Tabloid Correio da Manhã today carries a detailed story pointing to the destination of at least some of BES Angola’s “missing millions” (click here) – but a text in Sábado over the weekend suggests very little may ever come of it for the simple fact that prosecutors “confess” they are incapable of tackling mega-cases involving suspicions of money-laundering and corruption on a vast scale.
The case outlined by CM – case nº 244/11 – is a clear example of how prosecutors have worked for over six years (since the collapse of BES) and still not reached a courtroom.
Case nº 244/ 11 predates the case on Grupo Espírito Santo, but involves many of the ‘well-known faces’: former BES head honcho Ricardo Salgado, his former ‘right hand man’ Amílcar Morais Pires , former BESA president Álvaro Sobrinho and BESA director Hélder Bataglia.
According to the Public Ministry “all these former bankers will have received around 337 million from BESA through societies that held credits with BESA”.
They are all ‘arguidos’ in case nº 244/ 11 – and CM is full of the alleged nefarious deeds they are suspected of, but the truth is that today’s story like so many others may never get to the crunch point (the point where the suspects are nailed to the allegations).
For the last six years all the arguidos have continued to ‘enjoy liberty’ even if this has been occasionally punctuated with large fines which much of the time go unpaid (click here).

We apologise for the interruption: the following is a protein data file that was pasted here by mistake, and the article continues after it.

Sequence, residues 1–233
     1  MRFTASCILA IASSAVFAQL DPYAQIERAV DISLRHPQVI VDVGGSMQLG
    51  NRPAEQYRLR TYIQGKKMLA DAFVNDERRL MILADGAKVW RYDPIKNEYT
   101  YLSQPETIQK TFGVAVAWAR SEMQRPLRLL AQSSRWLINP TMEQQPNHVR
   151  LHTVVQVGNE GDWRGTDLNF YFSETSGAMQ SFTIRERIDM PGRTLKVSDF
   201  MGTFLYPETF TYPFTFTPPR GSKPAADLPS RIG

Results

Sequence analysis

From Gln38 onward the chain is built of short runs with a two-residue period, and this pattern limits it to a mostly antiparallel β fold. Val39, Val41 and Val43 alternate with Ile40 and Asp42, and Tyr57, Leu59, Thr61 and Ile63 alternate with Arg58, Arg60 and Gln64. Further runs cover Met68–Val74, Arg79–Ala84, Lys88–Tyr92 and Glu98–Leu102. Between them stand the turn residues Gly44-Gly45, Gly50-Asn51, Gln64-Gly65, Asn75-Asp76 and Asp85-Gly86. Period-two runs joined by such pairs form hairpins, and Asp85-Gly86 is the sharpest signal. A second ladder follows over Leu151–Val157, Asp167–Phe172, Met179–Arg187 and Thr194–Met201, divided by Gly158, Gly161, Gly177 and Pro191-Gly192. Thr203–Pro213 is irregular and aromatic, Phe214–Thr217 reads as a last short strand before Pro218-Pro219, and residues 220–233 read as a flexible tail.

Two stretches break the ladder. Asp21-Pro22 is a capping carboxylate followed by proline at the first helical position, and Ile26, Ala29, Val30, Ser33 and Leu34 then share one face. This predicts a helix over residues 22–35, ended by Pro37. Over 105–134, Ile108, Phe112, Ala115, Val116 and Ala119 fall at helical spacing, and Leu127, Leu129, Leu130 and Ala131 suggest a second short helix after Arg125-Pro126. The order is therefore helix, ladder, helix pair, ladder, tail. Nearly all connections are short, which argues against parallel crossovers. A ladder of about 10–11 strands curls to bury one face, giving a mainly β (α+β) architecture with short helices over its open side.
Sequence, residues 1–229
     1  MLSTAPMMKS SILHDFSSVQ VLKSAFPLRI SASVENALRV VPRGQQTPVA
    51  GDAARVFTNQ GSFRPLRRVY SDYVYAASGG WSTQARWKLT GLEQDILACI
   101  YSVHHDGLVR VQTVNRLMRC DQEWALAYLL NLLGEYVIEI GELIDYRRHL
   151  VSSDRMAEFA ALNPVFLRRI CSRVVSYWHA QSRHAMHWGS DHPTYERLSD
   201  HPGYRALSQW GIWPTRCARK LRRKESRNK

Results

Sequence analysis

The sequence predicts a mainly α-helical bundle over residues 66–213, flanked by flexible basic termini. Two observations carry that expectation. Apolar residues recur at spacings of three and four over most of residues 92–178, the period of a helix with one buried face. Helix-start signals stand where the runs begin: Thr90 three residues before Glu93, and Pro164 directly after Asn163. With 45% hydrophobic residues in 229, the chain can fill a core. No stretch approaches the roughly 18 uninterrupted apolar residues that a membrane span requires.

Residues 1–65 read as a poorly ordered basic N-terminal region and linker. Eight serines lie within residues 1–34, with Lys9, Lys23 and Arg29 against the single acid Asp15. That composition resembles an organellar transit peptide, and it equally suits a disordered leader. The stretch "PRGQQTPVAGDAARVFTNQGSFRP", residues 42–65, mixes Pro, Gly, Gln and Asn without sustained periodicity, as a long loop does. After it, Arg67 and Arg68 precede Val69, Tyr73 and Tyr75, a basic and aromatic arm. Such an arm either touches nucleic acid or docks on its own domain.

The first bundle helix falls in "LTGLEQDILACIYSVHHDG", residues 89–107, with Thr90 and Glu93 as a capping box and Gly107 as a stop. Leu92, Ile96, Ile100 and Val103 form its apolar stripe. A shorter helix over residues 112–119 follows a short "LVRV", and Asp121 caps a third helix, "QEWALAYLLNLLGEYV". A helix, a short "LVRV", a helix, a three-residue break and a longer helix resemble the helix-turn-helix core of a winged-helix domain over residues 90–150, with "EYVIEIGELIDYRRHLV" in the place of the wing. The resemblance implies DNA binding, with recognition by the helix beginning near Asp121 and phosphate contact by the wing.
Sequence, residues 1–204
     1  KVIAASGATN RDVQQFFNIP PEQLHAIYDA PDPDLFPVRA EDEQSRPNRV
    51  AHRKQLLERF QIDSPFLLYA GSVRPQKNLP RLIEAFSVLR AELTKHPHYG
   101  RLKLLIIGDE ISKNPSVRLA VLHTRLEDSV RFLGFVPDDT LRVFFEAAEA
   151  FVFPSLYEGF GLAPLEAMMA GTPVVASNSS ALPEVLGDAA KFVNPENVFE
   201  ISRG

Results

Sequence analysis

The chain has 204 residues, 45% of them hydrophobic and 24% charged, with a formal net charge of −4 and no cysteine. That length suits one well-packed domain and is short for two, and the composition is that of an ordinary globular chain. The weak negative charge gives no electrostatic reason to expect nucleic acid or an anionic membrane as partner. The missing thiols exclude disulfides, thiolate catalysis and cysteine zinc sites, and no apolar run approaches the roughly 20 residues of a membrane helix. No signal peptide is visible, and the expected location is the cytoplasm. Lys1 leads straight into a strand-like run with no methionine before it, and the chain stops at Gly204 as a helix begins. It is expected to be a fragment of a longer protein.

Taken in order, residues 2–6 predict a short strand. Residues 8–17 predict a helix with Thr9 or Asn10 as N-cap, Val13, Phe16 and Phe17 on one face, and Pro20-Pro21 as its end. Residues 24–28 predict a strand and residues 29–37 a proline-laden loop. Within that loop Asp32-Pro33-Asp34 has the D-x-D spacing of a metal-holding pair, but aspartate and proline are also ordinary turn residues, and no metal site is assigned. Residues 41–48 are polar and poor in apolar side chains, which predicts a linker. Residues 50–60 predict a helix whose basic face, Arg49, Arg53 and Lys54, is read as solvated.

And Sábado has explained why: the Lisbon district prosecutors office “has admitted to not having sufficient resources” to judge cases that since September 2014 have shown an accentuated tendency to involve “excessive procedural volume” and “special technicality”.
In other words, it is not enough to see authorities ‘crack down’ on alleged corruption in Portugal if the legal system isn’t equipped to follow through.
The gist of the Lisbon district prosecutors office annual report for 2019 is that it ‘can’t cope’.
Says Sábado, the conclusions are clear: “the response capacity of the Public Ministry is extremely conditioned by the lack of magistrates which tends to worsen – with no scope for resolution over the course of this year – which is also associated with the lack of officers of justice”.
The fact that the majority of Portugal’s ‘mega-cases’ come out of the capital is another disadvantage, as it sees them all piling up within the overwhelmed Lisbon district prosecutors office.
Add to this “IT limitations” and “exhaustion” of the judges on the Lisbon circuit and Sábado paints the picture of a perfect storm in which the corrupt will have the wind behind them.
It’s not by coincidence that the online ends its report on the lack of capacity within the Public Ministry by citing the “process of judicial liquidation of BES”, one of the “principal cases” weighing on the Lisbon district prosecutors office, with more than 600 volumes of evidence involving all kinds of attachments and appendices.